As I was planning a trip to Galway City recently, I naturally wanted to be right in the heart of the action. It was only a one-night stay so I wasn’t exactly keen on wasting precious minutes wandering the streets looking for decent cafés, bars and restaurants in one of Ireland’s most vibrant cities.
After sussing out a few spots online, I came across the aptly-named 7 Cross Street Boutique Hotel on, you’ve guessed it, Upper Cross Street. Like I said, it was only a one-night stay so luxury wasn’t top of my list of priorities. It was more than affordable and from my research, it seemed that a few of Galway’s hotspots were nearby.
When I got there, it soon became clear that nearby was an understatement. At a stretch, I could nearly put one foot on the curb outside the hotel and the other foot would reach over to the Front Door, one of the city’s prime nighttime establishments. Added to that, the famous Neachtains was mere feet away, gin bar Tigh Nora lay attached to the Front Door, and the Dáil Bar was no further than a stone’s throw away. All spots in which I could enjoy some good food, drink and music during my brief stay so it’s fair to say I was delighted.
Lying in the heart of Galway’s Latin Quarter, you’d barely notice 7 Cross Street as you walk by. Its narrow doorway lies next to an antique shop and its understated facade allows it to blend in as if not there at all. Heading inside, a tight stairway leads to the reception on the first floor.
After checking in, I was shown to my room a few flights up in the tall building and was more than happy with what I found. A comfy bed, decent shower facilities and a TV on the wall to wind the brain down before going to bed. Basically, all you need for a pleasant hotel experience in my opinion.
Off I went to explore what Galway had to offer. Even on a Monday night the city always has a bit of a buzz about it as tourists and locals mingle happily to the sounds of buskers on nearly every street corner. It’s the type of place that’s perfect for a solo trip as conversation is easily struck up between strangers and if not, it doesn’t take long to find a decent pub to enjoy some quality live music.
Still, given that I was on my own I was hardly in the mood to paint the town red so I headed back to the hotel at about 11 o’clock.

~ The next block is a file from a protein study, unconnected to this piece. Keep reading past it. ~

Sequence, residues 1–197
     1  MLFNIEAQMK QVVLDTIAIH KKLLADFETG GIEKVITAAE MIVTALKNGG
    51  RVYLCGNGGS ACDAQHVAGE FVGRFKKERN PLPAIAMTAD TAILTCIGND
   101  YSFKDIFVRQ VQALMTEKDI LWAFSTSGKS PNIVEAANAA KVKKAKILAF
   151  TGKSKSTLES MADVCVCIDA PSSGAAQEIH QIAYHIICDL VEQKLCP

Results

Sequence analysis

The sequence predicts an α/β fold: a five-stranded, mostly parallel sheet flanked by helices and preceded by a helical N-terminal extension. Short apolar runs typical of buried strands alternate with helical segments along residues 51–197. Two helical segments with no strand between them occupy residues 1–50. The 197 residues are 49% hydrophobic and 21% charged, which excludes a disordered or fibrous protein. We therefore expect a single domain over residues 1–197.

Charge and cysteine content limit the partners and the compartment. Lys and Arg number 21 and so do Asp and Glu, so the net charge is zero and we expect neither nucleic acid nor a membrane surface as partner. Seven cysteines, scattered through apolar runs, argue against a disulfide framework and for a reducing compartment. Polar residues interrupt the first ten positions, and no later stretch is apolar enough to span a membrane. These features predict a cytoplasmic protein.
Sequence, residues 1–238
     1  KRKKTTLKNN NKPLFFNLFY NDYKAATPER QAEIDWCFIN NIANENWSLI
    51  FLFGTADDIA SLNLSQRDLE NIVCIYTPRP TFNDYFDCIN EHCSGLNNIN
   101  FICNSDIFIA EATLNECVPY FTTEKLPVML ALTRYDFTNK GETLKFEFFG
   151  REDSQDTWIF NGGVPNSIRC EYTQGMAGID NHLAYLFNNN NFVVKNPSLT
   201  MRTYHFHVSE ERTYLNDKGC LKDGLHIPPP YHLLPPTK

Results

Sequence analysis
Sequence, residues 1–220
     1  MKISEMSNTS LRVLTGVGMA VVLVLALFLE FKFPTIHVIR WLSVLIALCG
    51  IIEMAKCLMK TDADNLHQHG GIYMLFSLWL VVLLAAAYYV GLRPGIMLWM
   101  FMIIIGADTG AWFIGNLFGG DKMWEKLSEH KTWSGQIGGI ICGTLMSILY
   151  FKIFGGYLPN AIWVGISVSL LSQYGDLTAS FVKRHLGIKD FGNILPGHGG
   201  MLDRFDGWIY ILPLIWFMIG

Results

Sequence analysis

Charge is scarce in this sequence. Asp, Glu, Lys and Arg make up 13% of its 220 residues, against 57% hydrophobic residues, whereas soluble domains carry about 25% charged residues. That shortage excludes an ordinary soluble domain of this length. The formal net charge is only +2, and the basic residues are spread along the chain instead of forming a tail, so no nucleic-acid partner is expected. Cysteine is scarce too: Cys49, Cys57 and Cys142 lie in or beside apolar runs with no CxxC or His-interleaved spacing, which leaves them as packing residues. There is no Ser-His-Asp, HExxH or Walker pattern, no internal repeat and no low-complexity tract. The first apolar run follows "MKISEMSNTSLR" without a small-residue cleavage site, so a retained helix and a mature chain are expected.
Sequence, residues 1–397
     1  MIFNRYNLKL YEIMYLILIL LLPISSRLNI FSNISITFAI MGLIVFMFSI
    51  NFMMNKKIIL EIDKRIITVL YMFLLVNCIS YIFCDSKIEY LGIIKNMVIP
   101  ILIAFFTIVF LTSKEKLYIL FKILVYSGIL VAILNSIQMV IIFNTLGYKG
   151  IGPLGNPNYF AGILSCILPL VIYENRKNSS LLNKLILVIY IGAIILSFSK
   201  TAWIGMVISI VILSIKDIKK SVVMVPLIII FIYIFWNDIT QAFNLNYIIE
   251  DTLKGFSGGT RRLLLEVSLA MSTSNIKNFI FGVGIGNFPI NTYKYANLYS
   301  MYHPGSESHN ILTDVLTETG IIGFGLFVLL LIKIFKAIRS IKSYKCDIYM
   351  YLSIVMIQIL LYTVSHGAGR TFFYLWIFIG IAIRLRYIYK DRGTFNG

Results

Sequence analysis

When I got back and laid my head on the pillow, it didn’t take long before it became apparent that I wouldn’t be dozing off to the land of nod any time soon.
While it was all well and good being so centrally located while I was out wandering, the address doesn’t exactly lend itself to a peaceful night’s sleep. As people started to spill out from all those nearby pubs onto the streets, the old man in me was soon grumbling at the noise all the revellers were making.
Not just any noise, mind. Any accommodation in a city centre is bound to be a little on the loud side but it wasn’t just slurry, out-of-tune singing voices that were keeping me awake. Well, that was part of it but the sound of what seemed to be about six people having a full-blown argument was the biggest source of my frustration.
Of course, the hotel can’t be blamed for this and it was just unlucky that I happened to be staying on a night which people decided was the perfect occasion to air their grievances at each other.
Having said all that, one man’s flaw is another man’s advantage. Depending on who you’re traveling to Galway with and the purpose of your visit, 7 Cross Street really could be the ideal place to stay. It has enough rooms for large groups of people looking to sample the city’s famous nightlife without having to walk around too much and it’s definitely on the more affordable side of places to stay. As well as that, the all-inclusive breakfast was just what I needed before I set off again in the morning even if I was a bit bleary-eyed while eating it.
When the city began to die down for the night, I’d no trouble catching up on my slumber and I would probably return to 7 Cross Street. The next time though, I’d make sure I was hitting the hay around the same time as the rest of the Galway population and not a moment earlier.